Welcome back. Today's Smart Brevity count: 1,289 words, 5 minutes.
Situational awareness: As I noted yesterday, here's a good list of organizations helping restaurant workers facing economic jeopardy from the COVID-19 crisis.
🎵Yesterday marked the birthday of the late Aretha Franklin, who opens today's newsletter with this beautiful song...
Illustration: Eniola Odetunde/Axios
The White House faces a difficult but not impossible task as it seeks to convince Saudi Arabia not to unleash a flood of oil into the already oversaturated market.
Why it matters: The COVID-19 pandemic is crushing global oil demand. The economic hit to the oil industry — already underway in the U.S. — will be even tougher to emerge from if the Saudis proceed to boost supply to over 12 million barrels per day next month.
Driving the news: Trump officials are boosting diplomatic efforts around supply management following the collapse of the Saudi-Russia output limiting deal, which steepened ongoing price declines.
What they're saying: Look at how the State Department wrote its summary of Secretary Mike Pompeo's call this week with Saudi Crown Prince Mohammed bin Salman.
What we're watching: President Trump will take part in a G20 videoconference this morning on COVID-19 response, so we'll be watching for signs of whether oil policy came up.
The big question: Will U.S. efforts sway the Saudi's posture in their price war with Russia?
The intrigue: Krane notes that while Trump officials are appealing to their sense of responsibility that comes with the role, the administration is an imperfect messenger.
But, but, but: There's still an opening. Oil analyst Ellen Wald says the Trump administration has some leverage in its effort to push for restraint.
Go deeper: U.S. pressures Saudi Arabia to give up oil price war with Russia (S&P Global Platts)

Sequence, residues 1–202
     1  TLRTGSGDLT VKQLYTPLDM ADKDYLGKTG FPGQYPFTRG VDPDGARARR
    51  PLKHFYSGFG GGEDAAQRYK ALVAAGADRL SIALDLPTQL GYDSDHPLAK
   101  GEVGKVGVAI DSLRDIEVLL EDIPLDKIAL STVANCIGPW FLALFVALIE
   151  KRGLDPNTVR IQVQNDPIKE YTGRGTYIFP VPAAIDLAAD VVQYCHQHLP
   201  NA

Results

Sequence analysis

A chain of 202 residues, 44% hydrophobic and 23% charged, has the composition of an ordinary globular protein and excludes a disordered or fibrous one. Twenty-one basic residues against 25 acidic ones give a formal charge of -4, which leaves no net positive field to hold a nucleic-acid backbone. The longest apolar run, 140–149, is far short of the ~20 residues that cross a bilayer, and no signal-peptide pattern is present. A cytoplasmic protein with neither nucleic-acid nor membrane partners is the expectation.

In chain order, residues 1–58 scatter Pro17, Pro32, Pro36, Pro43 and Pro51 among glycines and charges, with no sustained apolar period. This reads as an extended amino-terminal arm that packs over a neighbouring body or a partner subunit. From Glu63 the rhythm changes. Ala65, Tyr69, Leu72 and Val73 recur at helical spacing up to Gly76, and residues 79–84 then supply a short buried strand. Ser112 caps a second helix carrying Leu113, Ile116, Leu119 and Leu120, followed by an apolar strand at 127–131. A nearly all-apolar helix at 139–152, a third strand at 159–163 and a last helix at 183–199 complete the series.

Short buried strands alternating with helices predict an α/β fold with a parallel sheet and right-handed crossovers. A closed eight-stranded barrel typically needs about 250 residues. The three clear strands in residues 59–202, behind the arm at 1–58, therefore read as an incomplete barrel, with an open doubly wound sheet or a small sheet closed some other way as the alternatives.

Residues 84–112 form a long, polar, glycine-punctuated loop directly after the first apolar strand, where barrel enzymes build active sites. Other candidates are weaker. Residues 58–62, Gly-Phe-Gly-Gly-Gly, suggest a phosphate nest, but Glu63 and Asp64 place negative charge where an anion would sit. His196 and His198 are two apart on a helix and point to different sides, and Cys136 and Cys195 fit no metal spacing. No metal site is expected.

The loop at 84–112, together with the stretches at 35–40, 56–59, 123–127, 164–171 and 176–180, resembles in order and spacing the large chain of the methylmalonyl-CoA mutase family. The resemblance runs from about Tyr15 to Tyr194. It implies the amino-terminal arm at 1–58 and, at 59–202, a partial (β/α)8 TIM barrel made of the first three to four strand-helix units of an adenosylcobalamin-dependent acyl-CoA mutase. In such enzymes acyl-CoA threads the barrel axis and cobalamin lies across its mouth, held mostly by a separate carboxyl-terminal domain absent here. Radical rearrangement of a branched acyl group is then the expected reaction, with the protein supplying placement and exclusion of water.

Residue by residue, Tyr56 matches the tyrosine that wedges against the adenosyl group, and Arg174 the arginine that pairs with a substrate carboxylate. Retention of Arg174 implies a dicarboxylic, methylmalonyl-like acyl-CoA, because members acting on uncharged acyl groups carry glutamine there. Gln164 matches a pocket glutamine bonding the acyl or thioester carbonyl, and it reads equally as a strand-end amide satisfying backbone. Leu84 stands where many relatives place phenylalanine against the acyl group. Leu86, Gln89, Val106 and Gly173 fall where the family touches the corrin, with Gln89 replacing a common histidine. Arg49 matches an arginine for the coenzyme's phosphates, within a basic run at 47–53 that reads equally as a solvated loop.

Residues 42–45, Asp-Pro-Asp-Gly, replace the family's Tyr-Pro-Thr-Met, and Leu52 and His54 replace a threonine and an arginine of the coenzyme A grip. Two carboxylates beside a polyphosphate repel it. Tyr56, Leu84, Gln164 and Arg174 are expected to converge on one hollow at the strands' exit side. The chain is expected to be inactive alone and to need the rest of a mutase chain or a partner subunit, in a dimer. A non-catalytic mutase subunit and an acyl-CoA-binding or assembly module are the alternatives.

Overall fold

Regardless of whether the Saudis alter their plans, the global oil market is seeing an astonishing buildup of supplies with nowhere to go amid the unprecedented demand collapse.
What they're saying: Analysts' research notes have become dramatic reads in these tragic times, with the latest entries coming via new Goldman Sachs and IHS Markit notes.
Threat level: "[W]e believe that any potential agreement between the US/Saudi and Russia to freeze or reduce output is too little too late as it would take months to impact inventories globally and would be dwarfed by the current demand losses," Goldman analysts say.
The bottom line: Production in some locations will simply have to be halted. IHS sees the supply-demand imbalance creating a surplus in the first half of this year of 1.8 billion barrels, which exceeds their estimate of available storage capacity.
A new report from the Dallas Fed offers a sobering look at how much the oil price collapse and falling demand are going to batter the U.S. industry.
Driving the news: Their survey of oil companies showed that many need oil prices far higher than today's low prices to profitably drill new wells.
Why it matters: Shale producers — both majors and independents — are planning to sharply pare back spending. Steep job losses loom in the drilling services industry.
What's next: The chart above helps explain why U.S. production is slated to begin falling, though it'll take a while.
The coronavirus is set to alter global natural gas markets that are already in the midst of transformation, per a new Center for Strategic and International Studies analysis.
What's next: Via CSIS's Nikos Tsafos, trends to watch are...
Litigation: "A federal judge on Wednesday ordered the U.S. Army Corps of Engineers to conduct a full environmental review of the Dakota Access pipeline, nearly three years after it began carrying oil despite protests by people who gathered in North Dakota for more than a year." (AP)
Coronavirus: "Tesla CEO Elon Musk said Wednesday that the company’s factory in Buffalo, New York will open 'as soon as humanly possible' to produce ventilators that are in short supply due to the spread of the COVID-19 pandemic." (TechCrunch)
Electric vehicles: "Fears that electric cars could actually increase carbon emissions are a damaging myth, new research shows." (BBC)